Acts 2: 36-41
36 On the day of the Pentecost, Peter said to the Jewish people, “Let the whole house of Israel know for certain that God has made him both Lord and Messiah, this Jesus whom you crucified.” 37 Now when they heard this, they were cut to the heart, and they asked Peter and the other apostles, “What are we to do, my brothers?” 38 Peter said to them, “Repent and be baptized, every one of you, in the name of Jesus Christ for the forgiveness of your sins; and you will receive the gift of the Holy Spirit. 39 For the promise is made to you and to your children and to all those far off, whomever the Lord our God will call.” 40 He testified with many other arguments, and was exhorting them, “Save yourselves from this corrupt generation.” 41 Those who accepted his message were baptized, and about three thousand persons were added that day.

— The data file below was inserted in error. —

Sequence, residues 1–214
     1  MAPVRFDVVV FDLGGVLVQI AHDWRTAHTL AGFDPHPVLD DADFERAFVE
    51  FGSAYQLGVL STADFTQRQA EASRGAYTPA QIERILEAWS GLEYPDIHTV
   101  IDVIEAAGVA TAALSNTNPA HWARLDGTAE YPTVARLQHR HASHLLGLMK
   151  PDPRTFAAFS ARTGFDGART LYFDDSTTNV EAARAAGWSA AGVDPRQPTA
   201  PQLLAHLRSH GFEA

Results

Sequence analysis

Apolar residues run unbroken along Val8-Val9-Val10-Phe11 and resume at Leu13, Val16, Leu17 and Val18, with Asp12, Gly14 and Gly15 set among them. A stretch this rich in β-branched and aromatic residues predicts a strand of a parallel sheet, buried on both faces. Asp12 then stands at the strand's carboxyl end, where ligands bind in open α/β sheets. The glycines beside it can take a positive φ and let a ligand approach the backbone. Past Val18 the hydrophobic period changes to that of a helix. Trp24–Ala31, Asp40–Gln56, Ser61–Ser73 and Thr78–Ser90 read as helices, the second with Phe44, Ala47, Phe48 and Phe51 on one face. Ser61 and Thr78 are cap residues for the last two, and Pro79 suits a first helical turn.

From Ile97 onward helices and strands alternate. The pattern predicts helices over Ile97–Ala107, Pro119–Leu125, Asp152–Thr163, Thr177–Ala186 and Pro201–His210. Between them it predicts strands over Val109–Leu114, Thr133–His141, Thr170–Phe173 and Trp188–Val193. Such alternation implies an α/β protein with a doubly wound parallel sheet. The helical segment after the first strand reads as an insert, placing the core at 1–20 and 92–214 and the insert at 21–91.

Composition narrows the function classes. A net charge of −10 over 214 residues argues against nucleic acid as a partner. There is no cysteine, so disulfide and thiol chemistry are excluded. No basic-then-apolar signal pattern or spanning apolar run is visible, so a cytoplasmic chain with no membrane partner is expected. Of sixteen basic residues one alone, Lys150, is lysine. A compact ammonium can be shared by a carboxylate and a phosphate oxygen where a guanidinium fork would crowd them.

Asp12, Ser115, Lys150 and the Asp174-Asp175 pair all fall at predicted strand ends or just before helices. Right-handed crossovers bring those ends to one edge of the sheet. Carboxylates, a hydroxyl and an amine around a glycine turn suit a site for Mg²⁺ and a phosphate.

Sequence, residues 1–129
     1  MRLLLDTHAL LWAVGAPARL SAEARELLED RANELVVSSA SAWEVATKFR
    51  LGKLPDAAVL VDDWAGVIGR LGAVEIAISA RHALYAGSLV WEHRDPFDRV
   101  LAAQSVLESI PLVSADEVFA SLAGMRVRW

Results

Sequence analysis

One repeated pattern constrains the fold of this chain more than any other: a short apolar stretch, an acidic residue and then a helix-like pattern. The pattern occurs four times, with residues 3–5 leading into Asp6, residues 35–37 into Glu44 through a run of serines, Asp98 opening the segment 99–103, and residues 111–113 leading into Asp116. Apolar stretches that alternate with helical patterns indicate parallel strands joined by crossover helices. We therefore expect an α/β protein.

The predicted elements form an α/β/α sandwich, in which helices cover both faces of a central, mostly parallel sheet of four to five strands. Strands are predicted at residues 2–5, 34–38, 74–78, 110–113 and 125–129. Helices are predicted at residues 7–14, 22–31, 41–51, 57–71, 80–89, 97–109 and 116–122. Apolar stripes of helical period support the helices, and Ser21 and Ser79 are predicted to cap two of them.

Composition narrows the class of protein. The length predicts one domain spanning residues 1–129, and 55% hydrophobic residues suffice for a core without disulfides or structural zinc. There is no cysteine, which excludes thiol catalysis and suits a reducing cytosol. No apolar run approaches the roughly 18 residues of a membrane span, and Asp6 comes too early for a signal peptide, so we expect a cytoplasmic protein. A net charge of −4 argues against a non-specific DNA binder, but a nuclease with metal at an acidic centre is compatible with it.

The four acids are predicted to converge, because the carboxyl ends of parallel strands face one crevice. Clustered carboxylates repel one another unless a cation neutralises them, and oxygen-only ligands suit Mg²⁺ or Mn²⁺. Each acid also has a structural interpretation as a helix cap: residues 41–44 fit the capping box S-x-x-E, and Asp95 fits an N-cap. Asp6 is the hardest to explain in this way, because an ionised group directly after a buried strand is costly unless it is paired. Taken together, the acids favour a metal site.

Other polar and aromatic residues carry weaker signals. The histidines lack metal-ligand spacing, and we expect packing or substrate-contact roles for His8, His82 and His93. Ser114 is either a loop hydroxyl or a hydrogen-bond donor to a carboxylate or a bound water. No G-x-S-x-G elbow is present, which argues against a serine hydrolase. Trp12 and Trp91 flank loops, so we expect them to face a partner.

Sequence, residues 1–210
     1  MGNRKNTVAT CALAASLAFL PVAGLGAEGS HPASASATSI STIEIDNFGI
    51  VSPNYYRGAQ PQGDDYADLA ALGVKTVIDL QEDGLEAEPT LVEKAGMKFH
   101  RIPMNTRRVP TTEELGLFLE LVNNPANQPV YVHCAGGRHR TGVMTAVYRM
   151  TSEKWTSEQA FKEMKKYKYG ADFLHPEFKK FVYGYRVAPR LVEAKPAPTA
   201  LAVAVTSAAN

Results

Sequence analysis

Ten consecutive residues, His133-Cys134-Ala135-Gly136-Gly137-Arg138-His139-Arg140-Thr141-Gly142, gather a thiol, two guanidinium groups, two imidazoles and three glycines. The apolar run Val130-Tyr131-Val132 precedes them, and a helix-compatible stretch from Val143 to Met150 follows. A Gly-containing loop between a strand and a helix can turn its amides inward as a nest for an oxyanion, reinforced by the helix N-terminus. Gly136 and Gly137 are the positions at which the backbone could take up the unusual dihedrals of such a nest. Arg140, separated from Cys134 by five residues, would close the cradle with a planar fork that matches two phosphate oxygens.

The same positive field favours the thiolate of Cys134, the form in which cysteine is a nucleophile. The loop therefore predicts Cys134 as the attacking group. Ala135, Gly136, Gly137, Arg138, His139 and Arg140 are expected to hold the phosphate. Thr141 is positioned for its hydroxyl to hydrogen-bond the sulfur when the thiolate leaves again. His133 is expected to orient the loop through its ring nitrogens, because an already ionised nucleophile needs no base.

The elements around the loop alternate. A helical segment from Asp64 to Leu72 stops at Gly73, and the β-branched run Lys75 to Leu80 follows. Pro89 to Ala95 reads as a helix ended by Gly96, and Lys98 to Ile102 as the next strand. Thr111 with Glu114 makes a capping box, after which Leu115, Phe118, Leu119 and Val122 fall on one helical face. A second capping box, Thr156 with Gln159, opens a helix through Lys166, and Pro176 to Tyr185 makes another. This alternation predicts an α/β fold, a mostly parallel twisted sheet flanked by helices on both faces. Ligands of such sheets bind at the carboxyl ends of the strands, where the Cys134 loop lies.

Psalm 33:4-5. 18-19. 20 and 22
R: The earth is full of the goodness of the Lord.
4 Upright is the word of the LORD, and all his works are trustworthy. 5 He loves justice and right; of the kindness of the LORD the earth is full. (R) 18 See, the eyes of the LORD are upon those who fear him, upon those who hope for his kindness, 19 to deliver them from death and preserve them in spite of famine. (R) 20 Our soul waits for the LORD, who is our help and our shield, 22 May your kindness, O LORD, be upon us who have put our hope in you. (R)
The death of Jesus must have caused a certain joy among His enemies. At the same time there was a distinct sadness and sorrow among His followers. The weeping of Mary by His tomb speaks of this most poignantly. I wonder whether she was weeping just for Jesus or for her own sins, her own part in the sorry tragedy of His passion and death? Probably at this time it was the former that took precedence, but over the years it will be the latter that is the most common response in reflection on the death of Jesus!
John 20:11-18